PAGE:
Gresham's Law in Philosophy?

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DwightLSmith
 
Reply Mon 3 May, 2010 01:09 pm
@Pyrrho,
It might help to further illuminate the potential value of Gresham's Law (as applied to philosophy, or at least religion) if we could subdivide Bryan Caplan's "wildly irrational religious beliefs" into at least two categories: official dogma and "other." Then, the corresponding lack of intrinsic value and the assignment of value (in current practice or traditionally) by fiat, both aspects of Gresham's Law, makes specie and sacrament similar under this argument.

As with cupro-nickel quarters and Religion now: There seems to be very little irrefutable evidence for their value, but there is a total acceptance of quarters and a 95% agreement among Americans that we are a Christian nation, probably because doing or saying so is nearly free and the converse objectionable.

Never mind that the very notion of a Nation being Christian is so self-contradictory as to be oxymoronic. This is Gresham's Law in action - both are "bad money."

Many are offered, but few are "chosen."
 
attano
 
Reply Mon 3 May, 2010 02:40 pm
@kennethamy,
kennethamy;140350 wrote:
I have been wondering lately whether something analogous to Gresham's Law also applies in philosophy: Bad philosophy drives out good (philosophy).


I think the opposite.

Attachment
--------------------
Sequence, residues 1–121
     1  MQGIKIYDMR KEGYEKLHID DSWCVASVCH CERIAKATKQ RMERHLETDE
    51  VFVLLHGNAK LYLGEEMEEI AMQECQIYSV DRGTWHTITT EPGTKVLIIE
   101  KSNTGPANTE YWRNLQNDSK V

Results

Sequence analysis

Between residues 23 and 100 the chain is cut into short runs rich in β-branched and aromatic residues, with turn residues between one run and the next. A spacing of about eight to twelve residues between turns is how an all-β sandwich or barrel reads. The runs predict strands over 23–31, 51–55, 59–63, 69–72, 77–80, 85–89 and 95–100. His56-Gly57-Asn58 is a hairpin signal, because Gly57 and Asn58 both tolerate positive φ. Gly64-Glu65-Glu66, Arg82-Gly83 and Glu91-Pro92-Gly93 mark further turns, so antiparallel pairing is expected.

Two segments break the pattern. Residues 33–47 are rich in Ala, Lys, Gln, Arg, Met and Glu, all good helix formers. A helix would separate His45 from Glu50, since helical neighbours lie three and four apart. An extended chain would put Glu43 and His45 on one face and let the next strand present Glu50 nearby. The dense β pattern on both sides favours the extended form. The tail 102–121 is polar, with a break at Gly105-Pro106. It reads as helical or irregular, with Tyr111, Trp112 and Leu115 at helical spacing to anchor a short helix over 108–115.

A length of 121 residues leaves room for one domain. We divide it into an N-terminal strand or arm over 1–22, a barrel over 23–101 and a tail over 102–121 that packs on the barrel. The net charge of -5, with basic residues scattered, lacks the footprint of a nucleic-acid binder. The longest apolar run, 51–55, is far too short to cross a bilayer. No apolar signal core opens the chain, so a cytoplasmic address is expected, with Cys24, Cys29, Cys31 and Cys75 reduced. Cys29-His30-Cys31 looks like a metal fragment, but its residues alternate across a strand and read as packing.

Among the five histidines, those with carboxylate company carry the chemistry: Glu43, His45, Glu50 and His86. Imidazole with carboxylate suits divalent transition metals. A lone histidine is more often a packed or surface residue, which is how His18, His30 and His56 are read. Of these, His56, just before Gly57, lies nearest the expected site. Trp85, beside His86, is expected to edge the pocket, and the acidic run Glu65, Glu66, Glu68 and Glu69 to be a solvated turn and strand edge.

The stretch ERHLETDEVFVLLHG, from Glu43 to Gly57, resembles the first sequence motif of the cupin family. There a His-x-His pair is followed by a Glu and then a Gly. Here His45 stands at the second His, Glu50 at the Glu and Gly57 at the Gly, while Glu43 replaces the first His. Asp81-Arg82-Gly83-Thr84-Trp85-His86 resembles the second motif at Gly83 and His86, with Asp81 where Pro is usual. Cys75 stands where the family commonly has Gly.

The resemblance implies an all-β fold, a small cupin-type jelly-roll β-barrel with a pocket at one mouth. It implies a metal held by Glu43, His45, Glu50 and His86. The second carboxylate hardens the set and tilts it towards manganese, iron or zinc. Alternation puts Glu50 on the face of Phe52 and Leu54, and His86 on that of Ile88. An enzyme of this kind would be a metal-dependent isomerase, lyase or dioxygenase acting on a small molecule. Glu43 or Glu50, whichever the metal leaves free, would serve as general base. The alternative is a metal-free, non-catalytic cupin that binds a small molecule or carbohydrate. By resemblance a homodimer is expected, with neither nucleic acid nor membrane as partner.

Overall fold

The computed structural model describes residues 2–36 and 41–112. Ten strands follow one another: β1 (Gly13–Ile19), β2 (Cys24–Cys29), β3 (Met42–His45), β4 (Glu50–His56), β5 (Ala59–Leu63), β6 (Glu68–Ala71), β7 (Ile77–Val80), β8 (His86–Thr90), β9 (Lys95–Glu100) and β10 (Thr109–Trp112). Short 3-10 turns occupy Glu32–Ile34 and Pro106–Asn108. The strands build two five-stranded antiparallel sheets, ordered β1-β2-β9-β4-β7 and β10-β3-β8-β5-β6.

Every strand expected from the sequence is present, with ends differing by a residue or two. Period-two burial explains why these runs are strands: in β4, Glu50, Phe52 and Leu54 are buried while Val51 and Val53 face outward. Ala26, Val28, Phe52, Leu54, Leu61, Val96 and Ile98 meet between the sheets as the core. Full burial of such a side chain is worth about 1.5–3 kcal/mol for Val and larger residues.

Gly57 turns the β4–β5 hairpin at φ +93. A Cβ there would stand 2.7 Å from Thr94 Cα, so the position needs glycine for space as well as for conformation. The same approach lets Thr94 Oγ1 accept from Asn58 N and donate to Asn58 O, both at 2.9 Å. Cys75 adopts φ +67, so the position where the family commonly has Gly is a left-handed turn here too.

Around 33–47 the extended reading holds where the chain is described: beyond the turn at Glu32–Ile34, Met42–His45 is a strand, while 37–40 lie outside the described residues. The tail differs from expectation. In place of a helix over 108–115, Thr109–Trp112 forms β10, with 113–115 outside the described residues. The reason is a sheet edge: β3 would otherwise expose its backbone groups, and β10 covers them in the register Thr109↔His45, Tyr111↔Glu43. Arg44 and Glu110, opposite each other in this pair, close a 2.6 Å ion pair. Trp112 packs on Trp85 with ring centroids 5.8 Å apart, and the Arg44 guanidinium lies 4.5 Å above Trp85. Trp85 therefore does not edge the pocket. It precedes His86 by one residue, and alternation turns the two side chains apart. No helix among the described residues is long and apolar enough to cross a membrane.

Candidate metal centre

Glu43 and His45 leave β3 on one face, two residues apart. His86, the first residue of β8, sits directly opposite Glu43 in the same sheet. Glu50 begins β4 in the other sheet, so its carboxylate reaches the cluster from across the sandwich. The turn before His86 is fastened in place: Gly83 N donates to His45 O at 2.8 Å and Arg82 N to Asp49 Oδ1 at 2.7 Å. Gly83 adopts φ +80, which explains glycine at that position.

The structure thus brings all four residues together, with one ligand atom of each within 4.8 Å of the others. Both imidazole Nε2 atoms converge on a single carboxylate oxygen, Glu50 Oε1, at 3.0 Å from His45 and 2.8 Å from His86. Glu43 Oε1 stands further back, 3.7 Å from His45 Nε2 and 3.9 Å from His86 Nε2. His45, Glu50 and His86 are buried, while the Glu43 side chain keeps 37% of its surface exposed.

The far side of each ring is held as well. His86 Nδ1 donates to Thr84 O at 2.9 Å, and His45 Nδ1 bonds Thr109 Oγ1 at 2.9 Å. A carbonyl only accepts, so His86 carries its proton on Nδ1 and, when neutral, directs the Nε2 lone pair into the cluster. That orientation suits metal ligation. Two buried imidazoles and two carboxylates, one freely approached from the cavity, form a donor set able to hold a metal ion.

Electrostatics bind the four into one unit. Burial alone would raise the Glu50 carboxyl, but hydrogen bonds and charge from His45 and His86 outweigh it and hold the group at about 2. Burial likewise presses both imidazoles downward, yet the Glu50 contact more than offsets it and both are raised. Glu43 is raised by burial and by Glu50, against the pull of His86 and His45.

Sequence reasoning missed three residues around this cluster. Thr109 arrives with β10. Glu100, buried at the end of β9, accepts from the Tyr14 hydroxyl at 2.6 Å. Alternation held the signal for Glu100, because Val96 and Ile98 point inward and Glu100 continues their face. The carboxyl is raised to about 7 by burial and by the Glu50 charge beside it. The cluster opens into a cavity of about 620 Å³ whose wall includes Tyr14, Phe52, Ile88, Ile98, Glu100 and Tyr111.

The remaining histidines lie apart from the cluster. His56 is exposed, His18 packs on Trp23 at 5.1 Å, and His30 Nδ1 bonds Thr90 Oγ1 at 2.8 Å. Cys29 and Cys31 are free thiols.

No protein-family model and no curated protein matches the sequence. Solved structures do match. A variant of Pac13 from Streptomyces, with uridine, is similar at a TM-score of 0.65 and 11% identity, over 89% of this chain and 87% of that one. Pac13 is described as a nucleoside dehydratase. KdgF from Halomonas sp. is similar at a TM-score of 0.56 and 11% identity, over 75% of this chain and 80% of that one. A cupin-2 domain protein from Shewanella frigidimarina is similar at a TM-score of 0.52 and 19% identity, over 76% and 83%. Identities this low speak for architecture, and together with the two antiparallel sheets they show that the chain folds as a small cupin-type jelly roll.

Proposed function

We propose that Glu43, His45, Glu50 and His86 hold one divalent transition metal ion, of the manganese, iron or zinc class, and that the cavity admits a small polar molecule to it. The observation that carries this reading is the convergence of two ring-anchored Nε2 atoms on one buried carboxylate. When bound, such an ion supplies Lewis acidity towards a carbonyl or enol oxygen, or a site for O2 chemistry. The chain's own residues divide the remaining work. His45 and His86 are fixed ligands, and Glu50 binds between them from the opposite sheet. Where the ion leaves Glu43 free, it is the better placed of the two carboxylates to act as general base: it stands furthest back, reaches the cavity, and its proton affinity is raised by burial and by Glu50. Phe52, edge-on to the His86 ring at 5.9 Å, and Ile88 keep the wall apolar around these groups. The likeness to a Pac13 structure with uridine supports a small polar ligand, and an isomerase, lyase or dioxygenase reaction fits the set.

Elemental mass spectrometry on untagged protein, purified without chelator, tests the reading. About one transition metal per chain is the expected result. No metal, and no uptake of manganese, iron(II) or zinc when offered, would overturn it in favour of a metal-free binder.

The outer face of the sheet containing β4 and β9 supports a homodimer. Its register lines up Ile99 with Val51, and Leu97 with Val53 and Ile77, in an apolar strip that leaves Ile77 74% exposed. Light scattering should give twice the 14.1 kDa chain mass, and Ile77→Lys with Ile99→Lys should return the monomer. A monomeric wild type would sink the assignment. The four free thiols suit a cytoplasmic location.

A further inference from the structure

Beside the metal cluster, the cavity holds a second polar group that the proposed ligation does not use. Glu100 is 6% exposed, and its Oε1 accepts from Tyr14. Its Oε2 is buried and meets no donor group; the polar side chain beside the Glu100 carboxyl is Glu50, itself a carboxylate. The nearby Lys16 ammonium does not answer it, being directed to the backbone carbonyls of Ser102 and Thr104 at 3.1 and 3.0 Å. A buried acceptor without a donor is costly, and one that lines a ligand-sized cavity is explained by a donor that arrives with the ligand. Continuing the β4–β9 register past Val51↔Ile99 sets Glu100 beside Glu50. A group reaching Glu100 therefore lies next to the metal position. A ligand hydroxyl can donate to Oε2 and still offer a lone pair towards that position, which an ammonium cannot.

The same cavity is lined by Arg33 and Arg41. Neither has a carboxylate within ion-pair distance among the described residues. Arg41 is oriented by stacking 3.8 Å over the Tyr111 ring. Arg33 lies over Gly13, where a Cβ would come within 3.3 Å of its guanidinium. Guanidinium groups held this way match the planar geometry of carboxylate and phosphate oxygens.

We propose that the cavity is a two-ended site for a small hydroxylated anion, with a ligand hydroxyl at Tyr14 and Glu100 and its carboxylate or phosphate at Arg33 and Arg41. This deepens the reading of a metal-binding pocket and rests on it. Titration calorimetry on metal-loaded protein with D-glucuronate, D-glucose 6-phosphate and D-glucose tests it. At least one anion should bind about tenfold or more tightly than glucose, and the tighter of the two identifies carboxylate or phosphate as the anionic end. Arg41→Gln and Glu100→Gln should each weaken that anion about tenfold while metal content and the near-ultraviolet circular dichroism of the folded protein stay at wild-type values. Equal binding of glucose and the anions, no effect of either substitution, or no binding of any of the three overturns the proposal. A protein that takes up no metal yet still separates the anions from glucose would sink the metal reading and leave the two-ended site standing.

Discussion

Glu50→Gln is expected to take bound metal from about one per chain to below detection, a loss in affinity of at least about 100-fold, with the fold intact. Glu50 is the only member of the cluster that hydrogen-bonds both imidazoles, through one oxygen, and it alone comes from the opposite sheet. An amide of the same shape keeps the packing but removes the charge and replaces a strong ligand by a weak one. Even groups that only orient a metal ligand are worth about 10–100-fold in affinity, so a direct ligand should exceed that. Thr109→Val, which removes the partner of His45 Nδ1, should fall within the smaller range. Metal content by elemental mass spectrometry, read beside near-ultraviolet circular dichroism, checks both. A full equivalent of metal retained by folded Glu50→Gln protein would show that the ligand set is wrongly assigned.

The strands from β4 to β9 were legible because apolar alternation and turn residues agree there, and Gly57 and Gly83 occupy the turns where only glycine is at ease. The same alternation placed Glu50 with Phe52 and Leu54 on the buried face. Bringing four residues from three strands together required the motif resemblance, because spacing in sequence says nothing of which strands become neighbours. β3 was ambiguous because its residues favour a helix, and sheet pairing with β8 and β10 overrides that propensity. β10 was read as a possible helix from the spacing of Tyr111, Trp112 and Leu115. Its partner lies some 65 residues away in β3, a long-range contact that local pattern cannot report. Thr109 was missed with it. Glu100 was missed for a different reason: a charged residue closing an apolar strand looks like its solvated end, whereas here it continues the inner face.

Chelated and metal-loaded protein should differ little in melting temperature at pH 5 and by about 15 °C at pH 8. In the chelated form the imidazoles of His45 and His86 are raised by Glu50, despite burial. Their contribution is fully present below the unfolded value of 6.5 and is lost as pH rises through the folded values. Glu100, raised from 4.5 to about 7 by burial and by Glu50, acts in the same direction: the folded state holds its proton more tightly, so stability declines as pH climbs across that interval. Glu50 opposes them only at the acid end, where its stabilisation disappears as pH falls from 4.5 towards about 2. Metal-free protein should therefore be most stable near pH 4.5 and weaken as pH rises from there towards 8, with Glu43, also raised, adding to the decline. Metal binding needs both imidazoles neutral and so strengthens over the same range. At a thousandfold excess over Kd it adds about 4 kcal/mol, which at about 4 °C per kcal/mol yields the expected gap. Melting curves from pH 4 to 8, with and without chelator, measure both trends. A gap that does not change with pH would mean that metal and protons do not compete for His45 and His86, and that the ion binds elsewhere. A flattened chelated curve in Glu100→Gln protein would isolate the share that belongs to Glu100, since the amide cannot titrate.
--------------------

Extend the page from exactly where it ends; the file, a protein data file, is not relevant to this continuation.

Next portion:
Bad philosophy is necessary to define, nourish and refine good philosophy.
Plato, Augustine, Nietzsche - just to name those that readily come to mind - would they have possibly written what they did without their goal to criticize "bad philosophers" ?

It is not uncommon that the only merit of a philopher is that he was so bad as to elicit the response of a better one.
How many of us know of Swedenborg - if any - only because of Kant?

I can hardly conceive philosophy without this initial "taste" for what one likes and dislikes in philosophy.
(And, broadly speaking, criticism and confutation are mainly the attempt to affirm the "good" philosopher's taste over the "bad" 's one).

Then, of course, everybody is free to decide which philosophy is good and which one is bad...
 
Deckard
 
Reply Mon 3 May, 2010 03:04 pm
@kennethamy,
kennethamy;140350 wrote:
I have been wondering lately whether something analogous to Gresham's Law also applies in philosophy: Bad philosophy drives out good (philosophy).

In a related question: do bad analogies drive out good analogies?
 
 

 
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